Wednesday, October 5, 2016

Reducing the cost of phone calls for Illinois' incarcerated population.

A student reaction paper

Rauner Signs Bill Limiting Prison Phone Call Costs  
Imagine being a parent and being sent to jail.  The only means of communication with your family is by phone.  Each time you pick up that phone the cost is $4.08 for the first 30 minutes.  This fee is paid by you, the prisoner, or the prisoners' family.  Illinois collects $12 million a year in revenue from these calls.  According to the Illinois Campaign for Prison Justice, Illinois collects the largest amount of commissions in the country off of these phone calls.  

The new policy that Rauner signed August 19, 2016, puts caps on what contractor's can charge inmates and their families for phone calls.  Under the new law, the rate cannot go above 7 cents per minute, or .21 cents per half hour.   That's a savings of $3.87.  The article said without regular contact with family members and support while incarcerated, the recidivism rate is much higher.  The projected cost to Illinois taxpayers over the next 5 years is said to be 16.7 billion.    So why wouldn't we do anything in our power to make sure people do not reoffend?  I think this is something we should not even have to think about, the more interaction they have with their families the better.  So not only is this helping the families with their costs, it helps the prisoners with rehabilitation, and hopefully it helps taxpayers with their costs.

Professor responds:
When it comes to laws about how we treat people incarcerated in prisons, there are usually mixed motivations.  The desire to punish is usually a strong motivation, rooted in feelings of lust for revenge, but also rooted in a rational desire to uphold the law and deter others from committing crimes. There is also a motive to remove harmful persons from the general population, to reduce harm for everyone else and protect us.  But, aside from these motivations around punishment, your reaction essay focuses on the other motive, which is to rehabilitate and help incarcerated persons turn their lives around so that when they are released back into the general population, they will not commit crimes again.  There is a similar motivation to help keep prisoners happy and content, so that they will be easy to guard, will not rise up in revolt, and will not cause greater expense through health and behavioral problems associated with miserable conditions.  There is also a humanitarian desire to keep the punishment merely what the law demands (confinement), and not add misery upon the already difficult situation.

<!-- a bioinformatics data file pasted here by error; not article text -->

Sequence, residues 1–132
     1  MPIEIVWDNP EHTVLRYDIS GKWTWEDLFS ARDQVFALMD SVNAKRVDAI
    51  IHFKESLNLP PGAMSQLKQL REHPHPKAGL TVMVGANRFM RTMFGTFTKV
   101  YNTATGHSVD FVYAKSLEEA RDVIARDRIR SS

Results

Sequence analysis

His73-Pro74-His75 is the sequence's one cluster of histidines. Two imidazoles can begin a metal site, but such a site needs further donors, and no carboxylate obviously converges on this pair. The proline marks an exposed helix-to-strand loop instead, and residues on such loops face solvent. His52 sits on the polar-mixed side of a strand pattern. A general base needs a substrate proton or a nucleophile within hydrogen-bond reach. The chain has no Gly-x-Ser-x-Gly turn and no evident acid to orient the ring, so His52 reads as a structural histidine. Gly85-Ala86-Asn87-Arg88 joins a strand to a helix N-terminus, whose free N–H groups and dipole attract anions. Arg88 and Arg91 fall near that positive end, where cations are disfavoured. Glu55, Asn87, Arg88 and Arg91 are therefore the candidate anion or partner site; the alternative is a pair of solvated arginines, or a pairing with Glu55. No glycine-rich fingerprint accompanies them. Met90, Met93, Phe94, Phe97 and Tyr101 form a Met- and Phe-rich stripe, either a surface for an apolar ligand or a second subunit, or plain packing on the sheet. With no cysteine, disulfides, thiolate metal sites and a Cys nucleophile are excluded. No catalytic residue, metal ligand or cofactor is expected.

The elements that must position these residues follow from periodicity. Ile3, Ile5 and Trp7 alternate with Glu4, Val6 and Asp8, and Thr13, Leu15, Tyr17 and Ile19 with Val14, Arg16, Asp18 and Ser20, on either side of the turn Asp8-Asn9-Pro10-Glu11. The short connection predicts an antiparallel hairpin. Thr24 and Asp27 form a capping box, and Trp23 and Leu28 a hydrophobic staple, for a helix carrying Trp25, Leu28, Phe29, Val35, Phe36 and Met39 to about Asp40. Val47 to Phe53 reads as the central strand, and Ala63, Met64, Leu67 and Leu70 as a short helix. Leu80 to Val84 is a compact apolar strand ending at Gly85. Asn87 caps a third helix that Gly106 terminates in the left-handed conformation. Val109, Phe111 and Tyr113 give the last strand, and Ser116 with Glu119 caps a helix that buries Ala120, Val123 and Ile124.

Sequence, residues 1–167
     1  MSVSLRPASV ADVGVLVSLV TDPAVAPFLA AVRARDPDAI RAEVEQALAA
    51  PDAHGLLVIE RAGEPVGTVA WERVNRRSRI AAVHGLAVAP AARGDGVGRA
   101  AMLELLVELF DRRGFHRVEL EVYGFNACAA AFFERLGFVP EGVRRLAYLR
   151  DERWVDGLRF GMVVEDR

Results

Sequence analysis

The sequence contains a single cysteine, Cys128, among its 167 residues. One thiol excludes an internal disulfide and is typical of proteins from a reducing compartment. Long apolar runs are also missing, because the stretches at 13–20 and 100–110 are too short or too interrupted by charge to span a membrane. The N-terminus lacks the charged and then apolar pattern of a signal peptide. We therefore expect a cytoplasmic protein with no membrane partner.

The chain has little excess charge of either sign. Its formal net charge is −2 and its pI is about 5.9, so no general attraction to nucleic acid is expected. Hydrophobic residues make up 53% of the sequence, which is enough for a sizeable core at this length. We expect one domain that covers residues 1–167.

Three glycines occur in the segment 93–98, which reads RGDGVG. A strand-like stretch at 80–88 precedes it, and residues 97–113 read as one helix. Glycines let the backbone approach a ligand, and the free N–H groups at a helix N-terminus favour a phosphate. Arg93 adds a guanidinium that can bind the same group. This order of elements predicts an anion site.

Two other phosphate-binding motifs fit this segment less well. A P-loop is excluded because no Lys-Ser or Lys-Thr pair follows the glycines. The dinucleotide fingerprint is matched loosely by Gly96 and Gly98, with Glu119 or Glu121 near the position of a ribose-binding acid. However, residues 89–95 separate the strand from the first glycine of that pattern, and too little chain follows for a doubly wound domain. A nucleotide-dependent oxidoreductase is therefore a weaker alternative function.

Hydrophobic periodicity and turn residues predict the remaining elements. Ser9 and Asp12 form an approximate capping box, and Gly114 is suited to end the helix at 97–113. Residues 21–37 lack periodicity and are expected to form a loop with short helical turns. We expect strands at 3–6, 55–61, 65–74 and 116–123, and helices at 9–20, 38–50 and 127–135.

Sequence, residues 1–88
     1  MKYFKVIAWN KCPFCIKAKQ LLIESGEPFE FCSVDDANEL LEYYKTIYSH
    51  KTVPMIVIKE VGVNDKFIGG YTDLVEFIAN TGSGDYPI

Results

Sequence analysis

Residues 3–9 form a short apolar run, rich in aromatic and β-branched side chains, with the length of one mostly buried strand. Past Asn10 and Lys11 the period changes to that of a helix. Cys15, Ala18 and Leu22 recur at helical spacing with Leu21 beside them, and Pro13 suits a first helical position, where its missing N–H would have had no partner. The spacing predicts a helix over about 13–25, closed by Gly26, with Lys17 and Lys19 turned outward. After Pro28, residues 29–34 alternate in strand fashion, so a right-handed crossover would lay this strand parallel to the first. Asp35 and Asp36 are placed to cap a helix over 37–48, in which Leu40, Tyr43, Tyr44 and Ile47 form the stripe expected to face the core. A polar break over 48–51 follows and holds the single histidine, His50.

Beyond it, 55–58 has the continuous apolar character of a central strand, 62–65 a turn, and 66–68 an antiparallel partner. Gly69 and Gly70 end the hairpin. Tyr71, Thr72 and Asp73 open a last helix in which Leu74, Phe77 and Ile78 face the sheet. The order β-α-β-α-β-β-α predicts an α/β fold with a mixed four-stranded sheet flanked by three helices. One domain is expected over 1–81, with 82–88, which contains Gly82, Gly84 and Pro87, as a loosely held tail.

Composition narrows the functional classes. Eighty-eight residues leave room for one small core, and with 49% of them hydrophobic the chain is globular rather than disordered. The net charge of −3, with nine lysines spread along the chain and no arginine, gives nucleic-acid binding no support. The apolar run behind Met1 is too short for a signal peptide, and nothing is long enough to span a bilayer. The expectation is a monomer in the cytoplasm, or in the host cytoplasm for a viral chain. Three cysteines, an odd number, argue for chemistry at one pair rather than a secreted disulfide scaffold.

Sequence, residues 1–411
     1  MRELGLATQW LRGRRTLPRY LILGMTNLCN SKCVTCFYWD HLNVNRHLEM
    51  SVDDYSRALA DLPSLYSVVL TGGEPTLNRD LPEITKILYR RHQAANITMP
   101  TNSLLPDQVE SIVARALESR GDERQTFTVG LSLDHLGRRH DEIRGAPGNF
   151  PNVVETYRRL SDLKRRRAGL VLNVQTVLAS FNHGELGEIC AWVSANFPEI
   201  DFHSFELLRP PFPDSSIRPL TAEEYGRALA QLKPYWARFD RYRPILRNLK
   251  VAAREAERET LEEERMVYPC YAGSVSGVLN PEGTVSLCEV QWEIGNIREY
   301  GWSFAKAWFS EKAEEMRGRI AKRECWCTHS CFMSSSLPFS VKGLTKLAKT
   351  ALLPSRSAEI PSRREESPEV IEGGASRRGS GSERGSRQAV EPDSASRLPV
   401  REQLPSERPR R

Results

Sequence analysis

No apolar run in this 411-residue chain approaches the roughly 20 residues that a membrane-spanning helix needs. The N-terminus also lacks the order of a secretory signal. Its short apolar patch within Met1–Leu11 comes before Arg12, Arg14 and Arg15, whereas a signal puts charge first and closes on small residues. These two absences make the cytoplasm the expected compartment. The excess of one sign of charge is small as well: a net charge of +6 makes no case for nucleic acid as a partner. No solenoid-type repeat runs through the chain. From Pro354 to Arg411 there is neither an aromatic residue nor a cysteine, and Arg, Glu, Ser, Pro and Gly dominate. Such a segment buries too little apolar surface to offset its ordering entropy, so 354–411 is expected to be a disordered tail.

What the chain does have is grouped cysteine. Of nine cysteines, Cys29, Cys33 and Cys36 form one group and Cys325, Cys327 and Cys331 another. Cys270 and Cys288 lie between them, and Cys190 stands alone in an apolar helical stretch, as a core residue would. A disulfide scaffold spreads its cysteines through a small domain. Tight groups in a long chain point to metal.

The motive to help prisoners turn their lives around has a mix of altruistic and self-interested motives behind it.  It is much less expensive for everyone if fewer people commit crimes and fewer people must stay in prisons, so we want to reduce recidivism.  Also, we want the prisoners to have better lives, and we want their potential victims (if they are not rehabilitated) to avoid the suffering they would experience if the prisoners were not rehabilitated and committed crimes again.

In your essay, you are focusing on how making phone calls more affordable may help the prisoners and may reduce recidivism.  That's good.

A cost of $4.08 for 30 minutes seems high, but not so outrageously high, until you consider how little income a prisoner has, and also consider that at minimum wage, this is about what a worker could earn in 30 minutes.  As I understand the law you have explained, a prisoner could be charged 7¢ per minute for the first three minutes, but then the cost hits the 21¢ per half hour price cap, and the next 27 minutes would be free.   This is far more reasonable.

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